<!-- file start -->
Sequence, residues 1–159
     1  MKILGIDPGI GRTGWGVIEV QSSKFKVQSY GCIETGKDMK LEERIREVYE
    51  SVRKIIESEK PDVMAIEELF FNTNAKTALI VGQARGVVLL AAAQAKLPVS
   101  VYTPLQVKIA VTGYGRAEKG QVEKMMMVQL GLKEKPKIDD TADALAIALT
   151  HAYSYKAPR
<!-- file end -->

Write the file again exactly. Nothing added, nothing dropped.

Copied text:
Sequence, residues 1–159
     1  MKILGIDPGI GRTGWGVIEV QSSKFKVQSY GCIETGKDMK LEERIREVYE
    51  SVRKIIESEK PDVMAIEELF FNTNAKTALI VGQARGVVLL AAAQAKLPVS
   101  VYTPLQVKIA VTGYGRAEKG QVEKMMMVQL GLKEKPKIDD TADALAIALT
   151  HAYSYKAPR